A Noble History Comes Home: Chief Washakie paintings that hung in the Noble Hotel return to Lander for the first time in 50 years.
Twenty three epic paintings about the life of Chief Washakie by famed western artist J.K. Ralston will be on display at the Lander Pioneer Museum. The paintings used to hang in the Noble Hotel, but haven’t been seen in Lander since the hotel closed nearly fifty years ago.
The paintings and extensive history about Washakie and the Shoshone people will be on display in the main gallery of the museum for the coming year. There is also a display about the Noble Hotel featuring original furniture and a video on Washakie. The museum’s winter hours are currently Monday through Saturday 9 a.m. to 4 p.m.
The paintings were commissioned by Harold Del Monte, owner of the Noble Hotel in 1945. Del Monte, an avid historian, wanted guests to experience western history while they stayed at his hotel. He amassed a large collection of Indian artifacts, had western style furniture made to create the feeling of a mountain lodge, and used western themes throughout the hotel.
He hired Montana artist J. K. Ralston to create a series of paintings about the life of Chief Washakie, who Del Monte recognized as one of the most important Wyomingites. Ralston, then at the beginning of his career, spent time in Lander researching the landscape and clothing of the Shoshone. He then painted twenty three large scale oil paintings. The paintings cover important parts of Washakie’s life from his becoming chief, to the battle of Crowheart Butte, the coming of white settlers, the creation of the reservation and his death as a revered leader. Ralston went on to become one of the major western artists and his work is highly sought after by collectors.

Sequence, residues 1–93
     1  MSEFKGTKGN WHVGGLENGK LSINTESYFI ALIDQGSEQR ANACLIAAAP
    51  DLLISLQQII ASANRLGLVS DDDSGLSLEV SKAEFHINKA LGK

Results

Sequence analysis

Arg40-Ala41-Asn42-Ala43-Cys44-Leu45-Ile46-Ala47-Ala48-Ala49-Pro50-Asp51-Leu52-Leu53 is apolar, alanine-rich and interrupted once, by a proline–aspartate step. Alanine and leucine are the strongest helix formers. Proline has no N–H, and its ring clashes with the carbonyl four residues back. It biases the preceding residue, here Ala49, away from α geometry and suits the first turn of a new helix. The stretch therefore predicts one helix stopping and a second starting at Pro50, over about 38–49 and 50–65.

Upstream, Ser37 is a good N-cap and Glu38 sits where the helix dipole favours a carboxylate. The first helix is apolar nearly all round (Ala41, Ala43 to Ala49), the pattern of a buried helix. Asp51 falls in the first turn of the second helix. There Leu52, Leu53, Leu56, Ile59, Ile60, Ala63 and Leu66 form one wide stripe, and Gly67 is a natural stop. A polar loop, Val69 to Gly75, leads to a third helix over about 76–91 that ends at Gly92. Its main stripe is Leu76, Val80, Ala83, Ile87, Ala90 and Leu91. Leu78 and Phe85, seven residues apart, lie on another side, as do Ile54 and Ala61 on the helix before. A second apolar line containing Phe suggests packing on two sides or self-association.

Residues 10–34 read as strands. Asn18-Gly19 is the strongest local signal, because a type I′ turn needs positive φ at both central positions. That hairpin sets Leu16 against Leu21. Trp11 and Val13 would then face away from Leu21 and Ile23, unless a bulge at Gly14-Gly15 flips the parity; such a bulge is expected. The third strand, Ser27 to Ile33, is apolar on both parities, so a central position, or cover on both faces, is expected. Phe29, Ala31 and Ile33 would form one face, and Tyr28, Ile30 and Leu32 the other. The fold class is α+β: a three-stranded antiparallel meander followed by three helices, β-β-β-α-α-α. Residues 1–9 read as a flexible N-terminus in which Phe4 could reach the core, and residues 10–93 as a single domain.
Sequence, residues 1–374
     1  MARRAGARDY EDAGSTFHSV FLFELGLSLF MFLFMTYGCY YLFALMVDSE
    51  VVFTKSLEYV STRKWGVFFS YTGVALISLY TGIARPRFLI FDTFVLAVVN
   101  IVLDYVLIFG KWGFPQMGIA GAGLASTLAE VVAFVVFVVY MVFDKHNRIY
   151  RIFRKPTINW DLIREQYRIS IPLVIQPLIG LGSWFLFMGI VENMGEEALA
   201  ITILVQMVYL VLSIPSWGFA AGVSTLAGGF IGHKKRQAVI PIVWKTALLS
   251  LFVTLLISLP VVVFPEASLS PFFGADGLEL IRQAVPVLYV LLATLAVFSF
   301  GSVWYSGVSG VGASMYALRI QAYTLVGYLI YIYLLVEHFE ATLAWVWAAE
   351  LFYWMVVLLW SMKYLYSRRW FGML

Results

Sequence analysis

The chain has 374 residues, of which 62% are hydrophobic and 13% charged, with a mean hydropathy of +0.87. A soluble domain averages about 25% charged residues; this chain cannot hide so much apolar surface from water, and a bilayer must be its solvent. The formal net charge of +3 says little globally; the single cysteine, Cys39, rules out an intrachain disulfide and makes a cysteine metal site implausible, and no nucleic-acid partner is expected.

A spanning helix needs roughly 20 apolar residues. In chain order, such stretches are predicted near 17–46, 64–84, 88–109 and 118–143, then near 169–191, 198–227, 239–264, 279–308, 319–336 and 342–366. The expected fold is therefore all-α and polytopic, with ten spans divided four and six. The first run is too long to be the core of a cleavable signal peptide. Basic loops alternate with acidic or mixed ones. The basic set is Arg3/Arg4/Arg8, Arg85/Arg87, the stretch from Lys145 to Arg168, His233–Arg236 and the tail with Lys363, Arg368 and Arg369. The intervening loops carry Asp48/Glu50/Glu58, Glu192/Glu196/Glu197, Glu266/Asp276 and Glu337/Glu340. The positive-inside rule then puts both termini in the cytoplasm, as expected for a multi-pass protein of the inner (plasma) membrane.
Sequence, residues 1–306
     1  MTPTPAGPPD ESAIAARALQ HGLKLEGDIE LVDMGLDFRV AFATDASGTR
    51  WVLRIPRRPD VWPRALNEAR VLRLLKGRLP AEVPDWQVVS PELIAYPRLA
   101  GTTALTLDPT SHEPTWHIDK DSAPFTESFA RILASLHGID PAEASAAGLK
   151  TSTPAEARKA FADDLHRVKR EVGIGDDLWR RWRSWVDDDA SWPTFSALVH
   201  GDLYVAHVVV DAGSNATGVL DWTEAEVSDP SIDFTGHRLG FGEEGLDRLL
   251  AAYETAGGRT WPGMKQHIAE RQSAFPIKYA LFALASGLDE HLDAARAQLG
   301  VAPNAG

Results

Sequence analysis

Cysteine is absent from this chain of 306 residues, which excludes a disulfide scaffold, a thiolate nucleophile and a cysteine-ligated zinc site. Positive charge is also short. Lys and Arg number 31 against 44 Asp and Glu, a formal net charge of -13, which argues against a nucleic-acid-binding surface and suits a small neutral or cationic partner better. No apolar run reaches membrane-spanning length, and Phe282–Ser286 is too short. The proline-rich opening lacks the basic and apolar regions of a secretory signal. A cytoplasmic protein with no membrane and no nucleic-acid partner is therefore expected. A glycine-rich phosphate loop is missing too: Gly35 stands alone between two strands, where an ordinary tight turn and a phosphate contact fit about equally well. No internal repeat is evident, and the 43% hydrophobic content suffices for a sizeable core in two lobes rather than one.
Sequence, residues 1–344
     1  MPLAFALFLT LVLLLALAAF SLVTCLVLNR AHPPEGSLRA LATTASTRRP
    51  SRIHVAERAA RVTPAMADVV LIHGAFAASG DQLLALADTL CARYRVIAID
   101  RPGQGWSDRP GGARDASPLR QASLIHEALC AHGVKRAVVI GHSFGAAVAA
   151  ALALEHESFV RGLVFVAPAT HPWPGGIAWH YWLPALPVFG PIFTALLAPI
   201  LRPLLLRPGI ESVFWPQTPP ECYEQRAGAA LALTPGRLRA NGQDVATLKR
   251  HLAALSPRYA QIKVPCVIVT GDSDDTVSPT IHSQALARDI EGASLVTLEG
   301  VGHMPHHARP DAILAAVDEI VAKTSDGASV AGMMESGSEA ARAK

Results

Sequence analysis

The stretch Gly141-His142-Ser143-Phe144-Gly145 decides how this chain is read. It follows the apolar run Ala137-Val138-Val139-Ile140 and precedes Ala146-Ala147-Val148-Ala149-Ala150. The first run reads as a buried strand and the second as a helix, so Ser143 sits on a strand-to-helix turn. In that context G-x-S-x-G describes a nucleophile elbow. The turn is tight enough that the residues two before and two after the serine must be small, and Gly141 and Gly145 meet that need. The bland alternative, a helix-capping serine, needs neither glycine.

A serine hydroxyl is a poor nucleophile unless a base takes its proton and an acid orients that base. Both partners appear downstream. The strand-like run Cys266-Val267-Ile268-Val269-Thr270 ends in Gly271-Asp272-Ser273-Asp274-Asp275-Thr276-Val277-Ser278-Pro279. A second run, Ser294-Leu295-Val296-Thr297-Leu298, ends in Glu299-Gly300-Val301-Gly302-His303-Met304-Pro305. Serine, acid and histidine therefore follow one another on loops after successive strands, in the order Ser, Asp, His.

When the hotel closed in 1969 the paintings went into storage. They were on display for two years at the state capitol in Cheyenne. The capitol building is closed for renovation and the Governor declined to buy the paintings to permanently display. The Alice C. Del Monte Trust, which owns the paintings, approached the Pioneer Museum about displaying them in Lander again. “We were thrilled to have the opportunity to host the paintings,” said museum Visitor Services Coordinator Randy Wise. “This is a major western art collection that has so many ties to this area: The Chief Washakie story, the connection to Lander and the Noble Hotel. It is especially nice to be able to have this exhibit during our 100th anniversary. It is an honor to be able to share these with the people of Fremont County again.”
An unveiling of the exhibit was held October 17. About 100 people attended the catered affair. When the curtain dropped and the paintings were revealed against the deep red background an audible gasp was heard. Many people in attendance could remember the paintings when they were in the hotel. More than a few had worked at the hotel when they were younger.
“What a wonderful thing to have back in Lander,” said Lander resident Gene Thompson. “This collection should be seen here where it was created and where Chief Washakie lived.”
“We are grateful for all the hard work that has gone into getting this exhibit to happen,” said Fremont County Museum Central Director Scott Goetz. “We’d especially like to thank May and Dave Raynolds for their generous sponsorship of the exhibit. Without their support the display would not be nearly as complete.”
The paintings will be on display anytime the museum is open. The museum held a free open house for the public to celebrate the paintings November 7, featuring guest speakers about Washakie, Ralston and the Noble Hotel, and special tours of the gallery.
The “Noble History Comes Home” exhibit is one of many new and exciting things happening at the museum. Museum officials share that new displays, programs and events will be coming up in 2016.
One of the Ralston paintings: Chief Washakie as a young man.
One of the Ralston oil paintings that hung in the Noble Hotel: A Shoshone Scout guides the army.
Steff Kessler of Lander looking at the Noble History Comes Home exhibit.
Visitors admire the paintings on exhibit at the Pioneer Museum.